The NSL is a hub for innovative work in the University of Kentucky College of Medicine.
We aim to advance the understanding of neurobehavioral dysfunctions existing in clinical disorders using cross-disciplinary approaches.
Here is what we are integrating into our methods:
The nervous system is a complex network of nerves and cells that coordinate an individual’s actions and sensory information. The inherent nature of brain processes can be studied through the physiology and biology of neural networks; various neuroimaging techniques allow us to observe this. Magnetic Resonance Imaging (MRI) scans produce detailed images of brain structure while functional-MRI (fMRI) scans measure brain activity by detecting changes associated with blood flow. We utilize this information by isolating nodal regions of interest for examining connectivity of brain networks, calculating parameters of brain activity, and navigating the brain to accurately target transcranial magnetic stimulation (TMS).
Human behavior encapsulates both potential and expressed relationships between actions, cognition, and emotions—it is how we operate and interact. Behavioral dysfunctions exist in many clinical disorders which can affect how an individual learns, feels, reacts, remembers things, etc. In our research, decision making, working memory, and delayed discounting tasks, in addition to visual analogue scale (VAS) questionnaires, allow us to probe the deficits in decision-making and affective processes in individuals with substance use disorders (SUD). Applying probabilistic reinforcement learning techniques that better represent real world scenarios and choices is of great interest to us as the field moves towards more complex findings.
NON-INVASIVE BRAIN STIMULATION
A neuron (nerve cell) transmits information to other neurons by conducting an electrical impulse, known as an action potential, along its axon. As a brilliant biological example of an electrical conductor, neurons also experience a change in their activity under a varying magnetic field. TMS, which is Food and Drug Administration approved to treat depression, uses an electromagnet at the scalp to generate magnetic field pulses that can activate axons and fire action potentials. However, the mechanism by which TMS influences brain function is not well understood, and our research, in part, aims to better understand its inhibitory vs excitatory effect on neural activity.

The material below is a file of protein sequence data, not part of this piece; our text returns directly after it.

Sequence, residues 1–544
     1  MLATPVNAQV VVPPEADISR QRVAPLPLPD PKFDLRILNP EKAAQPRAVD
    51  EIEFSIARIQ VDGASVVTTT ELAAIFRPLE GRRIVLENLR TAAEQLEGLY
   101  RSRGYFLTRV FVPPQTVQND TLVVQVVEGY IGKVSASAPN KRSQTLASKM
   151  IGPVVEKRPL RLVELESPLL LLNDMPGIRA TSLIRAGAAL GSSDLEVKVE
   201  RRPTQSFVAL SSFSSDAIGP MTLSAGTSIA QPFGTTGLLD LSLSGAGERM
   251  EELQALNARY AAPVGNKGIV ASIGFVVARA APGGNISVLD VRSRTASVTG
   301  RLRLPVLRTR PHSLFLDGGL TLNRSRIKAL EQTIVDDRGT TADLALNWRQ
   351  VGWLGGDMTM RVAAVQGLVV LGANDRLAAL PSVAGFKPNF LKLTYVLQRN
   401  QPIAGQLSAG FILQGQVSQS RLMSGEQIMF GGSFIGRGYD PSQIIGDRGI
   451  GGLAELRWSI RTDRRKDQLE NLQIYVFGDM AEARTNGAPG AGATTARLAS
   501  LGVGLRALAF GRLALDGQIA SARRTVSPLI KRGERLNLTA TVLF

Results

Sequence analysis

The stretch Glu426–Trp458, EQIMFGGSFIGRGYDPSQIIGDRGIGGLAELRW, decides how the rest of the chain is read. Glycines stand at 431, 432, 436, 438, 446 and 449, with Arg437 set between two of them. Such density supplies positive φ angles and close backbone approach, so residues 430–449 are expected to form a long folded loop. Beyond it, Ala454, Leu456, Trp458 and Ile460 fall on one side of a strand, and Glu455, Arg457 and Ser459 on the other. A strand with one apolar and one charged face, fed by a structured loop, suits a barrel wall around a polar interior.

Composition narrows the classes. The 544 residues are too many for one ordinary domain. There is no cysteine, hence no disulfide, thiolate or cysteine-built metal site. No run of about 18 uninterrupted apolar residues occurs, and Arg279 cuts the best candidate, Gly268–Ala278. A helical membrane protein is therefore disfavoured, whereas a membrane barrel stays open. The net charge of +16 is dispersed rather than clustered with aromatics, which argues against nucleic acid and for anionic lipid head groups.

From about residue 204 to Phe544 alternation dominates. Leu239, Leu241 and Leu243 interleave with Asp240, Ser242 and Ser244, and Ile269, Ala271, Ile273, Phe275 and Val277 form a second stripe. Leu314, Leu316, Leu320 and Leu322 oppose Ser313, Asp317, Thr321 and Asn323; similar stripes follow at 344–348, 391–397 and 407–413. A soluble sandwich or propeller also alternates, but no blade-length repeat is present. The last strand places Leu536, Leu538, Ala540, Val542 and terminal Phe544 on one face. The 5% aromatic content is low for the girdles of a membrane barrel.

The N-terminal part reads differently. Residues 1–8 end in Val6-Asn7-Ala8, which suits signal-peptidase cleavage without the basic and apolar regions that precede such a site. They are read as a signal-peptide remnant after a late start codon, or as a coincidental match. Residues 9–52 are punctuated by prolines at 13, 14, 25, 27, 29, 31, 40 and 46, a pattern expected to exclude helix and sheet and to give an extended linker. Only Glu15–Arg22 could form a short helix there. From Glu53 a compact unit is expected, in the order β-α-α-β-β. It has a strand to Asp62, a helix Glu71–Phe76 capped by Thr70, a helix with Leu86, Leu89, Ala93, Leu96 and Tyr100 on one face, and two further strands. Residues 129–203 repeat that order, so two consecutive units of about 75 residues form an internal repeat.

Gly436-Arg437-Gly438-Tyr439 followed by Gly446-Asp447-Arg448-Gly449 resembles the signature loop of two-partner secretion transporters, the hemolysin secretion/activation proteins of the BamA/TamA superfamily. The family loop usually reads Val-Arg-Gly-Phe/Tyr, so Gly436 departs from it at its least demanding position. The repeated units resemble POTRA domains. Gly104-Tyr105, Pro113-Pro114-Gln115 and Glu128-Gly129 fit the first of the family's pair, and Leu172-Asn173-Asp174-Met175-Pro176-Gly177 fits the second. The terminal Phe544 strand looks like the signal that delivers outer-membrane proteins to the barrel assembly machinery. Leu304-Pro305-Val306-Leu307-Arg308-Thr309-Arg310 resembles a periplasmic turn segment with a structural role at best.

A drug is a chemical substance that can incite a biological or physiological effect on the body, and pharmacology is the study of this interaction. The duality present in this branch can exist in the use of drugs as an intervention technique and the abuse of drugs in those with substance use disorders. Drug administration for intervention (e.g., acute or maintenance) can mediate neurotransmitter function (neuron communication) at a microscopic level providing desired effects. In misuse and overuse, neurobehavioral dysfunctions can arise giving way to symptoms like lack of volitional control over thoughts, feelings, and actions. Our lab is interested in the mechanisms underlying pharmacology as intervention, as well as the combined effects of drug use on the microscopic level with TMS on the macroscopic level.
Computational techniques allow for efficient and high throughput calculations across different disciplines of interest. Mass-univariate and multivariate statistical approaches for data analysis include parametric mapping using graph theory and general linear modeling. Additionally, we wish to establish and test new hypotheses for models of behavior, like learning, using supervised machine learning to predict and recognize patterns.
The Neurobehavorial Systems Lab
465 East High Street, Suite 200
Lexington, KY 40507